Have you gained a new rating or certificate? Purchased your first airplane or flown your 5,000th hour? Shout out a friend that has landed in a challenging new place or welded their first tube on a new project. Or maybe you want to commiserate after shelling out for your first annual inspection. Whatever milestone you have achieved, help us strengthen our community by sharing it here!
Note from the Executive Director
We have a particularly special Member Milestones column this issue with two of our community members being awarded the Wright Brothers Master Pilot Award this spring. The Wright Brother’s “Master Pilot” Award is the most prestigious award the FAA issues to pilots certified under Title 14 of the Code of Federal Regulations (14 CFR) part 61. This award is named after the Wright brothers, the first US pilots, to recognize individuals who have exhibited professionalism, skill, and aviation expertise for at least 50 years while piloting aircraft as “Master Pilots”. Both Al Crane and Phil Shoemaker have taken the time to share a bit about their long and fruitful aviation careers. Mr. Crane’s award will be presented on Saturday afternoon, May 7th, at the Great Alaska Aviation Gathering and you are all invited to attend and celebrate his accomplishment. Stay tuned to our website for a final event schedule as the Gathering approaches. I would also like to take a moment to congratulate Aras Sirvelis, a NextGen member that has come to feel like family around the Airmen Association. Throughout his training, Aras has volunteered for countless hours with the Airmen sharing his love for all things aviation. He is a three-time scholarship winner, passionate pilot and Citabria owner, and recently completed his A&P certification. Congratulations Aras!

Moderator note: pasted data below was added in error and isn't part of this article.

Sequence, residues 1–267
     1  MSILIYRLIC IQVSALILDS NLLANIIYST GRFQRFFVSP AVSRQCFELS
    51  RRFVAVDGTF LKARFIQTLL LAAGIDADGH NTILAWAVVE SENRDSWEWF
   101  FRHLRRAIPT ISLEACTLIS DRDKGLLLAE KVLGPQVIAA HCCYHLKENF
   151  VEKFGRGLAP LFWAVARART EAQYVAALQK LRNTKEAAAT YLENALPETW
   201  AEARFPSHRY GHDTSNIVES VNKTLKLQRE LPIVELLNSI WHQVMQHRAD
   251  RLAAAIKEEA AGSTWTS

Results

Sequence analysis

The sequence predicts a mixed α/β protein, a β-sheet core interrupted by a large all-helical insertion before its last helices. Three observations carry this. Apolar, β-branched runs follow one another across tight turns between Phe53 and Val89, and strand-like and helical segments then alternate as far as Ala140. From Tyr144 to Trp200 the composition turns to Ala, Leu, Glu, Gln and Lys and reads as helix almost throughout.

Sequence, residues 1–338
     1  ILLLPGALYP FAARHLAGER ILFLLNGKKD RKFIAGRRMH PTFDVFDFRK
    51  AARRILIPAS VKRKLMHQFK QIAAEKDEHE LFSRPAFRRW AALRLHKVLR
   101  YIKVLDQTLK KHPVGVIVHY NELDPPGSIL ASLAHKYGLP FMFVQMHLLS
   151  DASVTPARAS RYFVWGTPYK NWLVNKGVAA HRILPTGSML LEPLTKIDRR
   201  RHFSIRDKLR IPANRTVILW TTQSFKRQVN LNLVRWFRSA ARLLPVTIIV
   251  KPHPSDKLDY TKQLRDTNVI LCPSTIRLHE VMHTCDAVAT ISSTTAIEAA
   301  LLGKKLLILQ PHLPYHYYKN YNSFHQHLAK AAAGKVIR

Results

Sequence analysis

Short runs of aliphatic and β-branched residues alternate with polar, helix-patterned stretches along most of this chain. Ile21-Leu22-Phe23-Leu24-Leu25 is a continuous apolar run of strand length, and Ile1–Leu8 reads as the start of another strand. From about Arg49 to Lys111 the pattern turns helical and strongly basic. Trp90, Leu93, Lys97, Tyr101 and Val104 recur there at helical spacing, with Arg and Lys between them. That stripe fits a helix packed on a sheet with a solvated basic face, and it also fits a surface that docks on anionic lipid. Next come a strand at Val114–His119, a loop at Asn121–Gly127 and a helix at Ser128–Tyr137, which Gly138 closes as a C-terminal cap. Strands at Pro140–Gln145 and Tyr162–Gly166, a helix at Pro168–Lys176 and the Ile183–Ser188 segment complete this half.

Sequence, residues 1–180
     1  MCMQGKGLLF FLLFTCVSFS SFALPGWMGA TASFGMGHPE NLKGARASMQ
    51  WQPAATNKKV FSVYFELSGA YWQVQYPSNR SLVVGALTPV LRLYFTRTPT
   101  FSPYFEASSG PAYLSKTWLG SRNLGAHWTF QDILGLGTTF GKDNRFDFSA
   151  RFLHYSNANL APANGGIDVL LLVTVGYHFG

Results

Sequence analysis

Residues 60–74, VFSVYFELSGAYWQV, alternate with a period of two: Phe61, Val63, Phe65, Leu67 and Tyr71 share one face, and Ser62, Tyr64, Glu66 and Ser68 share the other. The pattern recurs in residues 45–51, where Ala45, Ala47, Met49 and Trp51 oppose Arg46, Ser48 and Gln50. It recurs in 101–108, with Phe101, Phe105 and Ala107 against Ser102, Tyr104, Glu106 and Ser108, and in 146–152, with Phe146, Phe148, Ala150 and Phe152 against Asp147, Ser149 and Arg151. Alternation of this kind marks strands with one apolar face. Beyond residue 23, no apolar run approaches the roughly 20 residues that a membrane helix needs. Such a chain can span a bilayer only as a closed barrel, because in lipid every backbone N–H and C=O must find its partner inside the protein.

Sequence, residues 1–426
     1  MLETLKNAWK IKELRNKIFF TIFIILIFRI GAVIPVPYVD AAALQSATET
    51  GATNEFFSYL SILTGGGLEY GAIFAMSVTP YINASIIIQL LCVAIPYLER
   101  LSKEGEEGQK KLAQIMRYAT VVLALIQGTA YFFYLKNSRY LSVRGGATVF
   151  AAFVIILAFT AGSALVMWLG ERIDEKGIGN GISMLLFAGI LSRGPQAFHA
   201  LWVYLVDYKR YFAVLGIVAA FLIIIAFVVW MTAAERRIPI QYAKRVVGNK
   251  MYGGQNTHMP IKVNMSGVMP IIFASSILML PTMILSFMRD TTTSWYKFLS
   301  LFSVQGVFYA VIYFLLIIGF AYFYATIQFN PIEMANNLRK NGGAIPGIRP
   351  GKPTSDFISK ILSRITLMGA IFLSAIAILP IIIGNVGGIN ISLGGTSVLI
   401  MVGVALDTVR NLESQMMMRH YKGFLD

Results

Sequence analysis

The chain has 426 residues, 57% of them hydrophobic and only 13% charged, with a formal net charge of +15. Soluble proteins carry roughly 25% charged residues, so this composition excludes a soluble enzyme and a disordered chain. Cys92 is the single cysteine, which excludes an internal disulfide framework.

Al Crane, Lifetime Airmen Association Member, A Short Bio